Density Calculation Still Raises Questions


It is hard to believe, but I have been blogging now for over 8 years. In all of that time, the most popular topic by far has been the calculation of alloy densities. Many people are troubled by the required equation. At first blush it doesn’t seem logical. I have derived it, but here is an effort to try and make it more intuitive.

A reader wrote the following, which inspired my explanation that follows.

Craig writes:

Why do we calculate the theoretical density of an alloy by using the formula of:
1/Da = x/D1 + y/D2 (binary) or
1/Da = x/D1 + y/D2 + z/D3 (ternary) as opposed to multiplying the individual metals’ densities by their percentages in the alloy and adding them together ? I thought the density of an alloy would be analogous to a weighted average of the densities of the metals in the alloy. Obviously, that is wrong, but I don’t understand why?

The reason you have to use the non-obvious formula is that density is given as mass/volume. So there are two quantities to be concerned with, and one is inverse (i.e. volume is 1/volume in the density formula). So you have to use the equations above, or you will be in error. I derived these equations in a previous post. However, many people do not find the result intuitive.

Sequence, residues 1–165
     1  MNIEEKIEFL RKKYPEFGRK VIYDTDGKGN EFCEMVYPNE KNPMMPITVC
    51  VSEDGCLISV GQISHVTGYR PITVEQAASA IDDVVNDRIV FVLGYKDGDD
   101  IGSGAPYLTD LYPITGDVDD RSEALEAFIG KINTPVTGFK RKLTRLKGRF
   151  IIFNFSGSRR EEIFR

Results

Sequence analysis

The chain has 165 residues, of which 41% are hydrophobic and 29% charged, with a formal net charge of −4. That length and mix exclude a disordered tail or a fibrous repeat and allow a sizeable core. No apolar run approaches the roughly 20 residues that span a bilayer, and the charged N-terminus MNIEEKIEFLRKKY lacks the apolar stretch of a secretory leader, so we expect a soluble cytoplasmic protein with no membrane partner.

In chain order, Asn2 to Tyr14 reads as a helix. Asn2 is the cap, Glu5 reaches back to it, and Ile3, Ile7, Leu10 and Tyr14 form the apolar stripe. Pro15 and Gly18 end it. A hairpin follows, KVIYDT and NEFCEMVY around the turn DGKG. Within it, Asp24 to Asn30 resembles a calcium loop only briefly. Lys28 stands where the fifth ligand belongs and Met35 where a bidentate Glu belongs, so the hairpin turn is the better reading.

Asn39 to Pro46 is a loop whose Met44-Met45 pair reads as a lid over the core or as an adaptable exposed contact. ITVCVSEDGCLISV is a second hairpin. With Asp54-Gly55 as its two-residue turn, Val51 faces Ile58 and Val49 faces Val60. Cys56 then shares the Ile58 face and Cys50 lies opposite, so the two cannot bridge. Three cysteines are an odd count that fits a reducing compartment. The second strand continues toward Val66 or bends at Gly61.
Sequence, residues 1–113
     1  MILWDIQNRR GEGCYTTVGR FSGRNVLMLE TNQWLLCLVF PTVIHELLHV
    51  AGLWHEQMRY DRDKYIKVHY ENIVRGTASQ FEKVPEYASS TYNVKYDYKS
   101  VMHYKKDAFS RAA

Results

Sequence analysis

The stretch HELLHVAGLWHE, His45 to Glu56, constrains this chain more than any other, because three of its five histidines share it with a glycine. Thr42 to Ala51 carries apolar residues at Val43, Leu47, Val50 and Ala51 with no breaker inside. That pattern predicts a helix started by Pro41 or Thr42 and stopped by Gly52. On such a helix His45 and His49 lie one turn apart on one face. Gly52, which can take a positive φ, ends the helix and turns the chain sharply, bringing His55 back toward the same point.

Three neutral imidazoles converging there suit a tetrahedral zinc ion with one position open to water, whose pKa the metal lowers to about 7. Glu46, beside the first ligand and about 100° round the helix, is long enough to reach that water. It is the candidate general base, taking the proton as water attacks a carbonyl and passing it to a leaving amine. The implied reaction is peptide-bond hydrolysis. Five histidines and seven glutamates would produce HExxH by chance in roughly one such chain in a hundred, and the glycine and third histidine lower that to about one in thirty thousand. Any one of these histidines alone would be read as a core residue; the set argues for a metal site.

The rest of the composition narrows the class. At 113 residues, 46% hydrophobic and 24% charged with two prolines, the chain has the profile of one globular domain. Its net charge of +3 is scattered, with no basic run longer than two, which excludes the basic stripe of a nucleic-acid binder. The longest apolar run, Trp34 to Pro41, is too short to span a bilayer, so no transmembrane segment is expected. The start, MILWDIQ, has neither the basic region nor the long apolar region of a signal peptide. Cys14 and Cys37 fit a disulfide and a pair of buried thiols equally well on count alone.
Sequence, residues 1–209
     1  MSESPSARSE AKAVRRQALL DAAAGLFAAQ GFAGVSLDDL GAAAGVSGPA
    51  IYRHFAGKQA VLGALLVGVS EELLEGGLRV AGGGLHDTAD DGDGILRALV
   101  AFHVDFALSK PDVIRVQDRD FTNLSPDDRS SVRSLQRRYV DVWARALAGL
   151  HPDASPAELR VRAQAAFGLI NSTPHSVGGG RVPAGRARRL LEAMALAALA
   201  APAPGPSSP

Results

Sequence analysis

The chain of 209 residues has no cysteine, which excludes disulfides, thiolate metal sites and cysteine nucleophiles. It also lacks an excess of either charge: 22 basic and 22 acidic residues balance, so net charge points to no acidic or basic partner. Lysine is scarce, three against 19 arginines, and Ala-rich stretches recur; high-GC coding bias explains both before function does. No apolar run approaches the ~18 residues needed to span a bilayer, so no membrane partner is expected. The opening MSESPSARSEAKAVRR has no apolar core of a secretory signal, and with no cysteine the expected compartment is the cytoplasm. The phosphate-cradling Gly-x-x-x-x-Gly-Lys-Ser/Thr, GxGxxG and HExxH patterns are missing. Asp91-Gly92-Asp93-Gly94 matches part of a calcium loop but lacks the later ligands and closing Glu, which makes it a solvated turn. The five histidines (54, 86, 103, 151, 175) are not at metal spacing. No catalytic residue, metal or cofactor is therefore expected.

Here is, hopefully, a more intuitive example. Let’s say, for some strange reason, you were interested in inverse height. So let’s say John is 5 feet at his shoulders, or 1/5 inverse feet. His girlfriend Kathy is 5 feet tall, also 1/5 inverse feet. Kathy stands on John’s shoulders. How many inverse feet is their total height? The tendency would be to say they are 1/5 +1/5 = 2/5 inverse feet. But we know that when Kathy stands on John’s shoulders they span 10 feet, so they must be 1/10 inverse feet. So, to calculate their height in inverse feet, we need to use:

1/IFT = 1/John IF + 1/Kathy IF = 1/(1/5) +1/(1/5) = 10

IFT = 1/10

Note: (IFT = Inverse Feet Total)

The same is true for density, since density = mass/volume (inverse volume is like inverse feet).

Another engineering example is electrical resistivity and conductivity. If the resistance of one wire is 2 ohms, and another is 1 ohm, and we connect them in series, the total resistance is 3 ohms. However, if we consider conductivity, one wire has a conductivity of 0.5 mho and the other 1 mho. Again, to get the total conductivity we don’t add the conductivities, we must use:

1/Ctotal = 1/C1+1/C2 = 1/0.5 + 1/1 = 2+1 = 3. So Ctotal = 1/3 mho.

I hope this helps.


Dr. Ron


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About Dr. Ron

Materials expert Dr. Ron Lasky is a professor of engineering and senior lecturer at Dartmouth, and senior technologist at Indium Corp. He has a Ph.D. in materials science from Cornell University, and is a prolific author and lecturer, having published more than 40 papers. He received the SMTA Founders Award in 2003.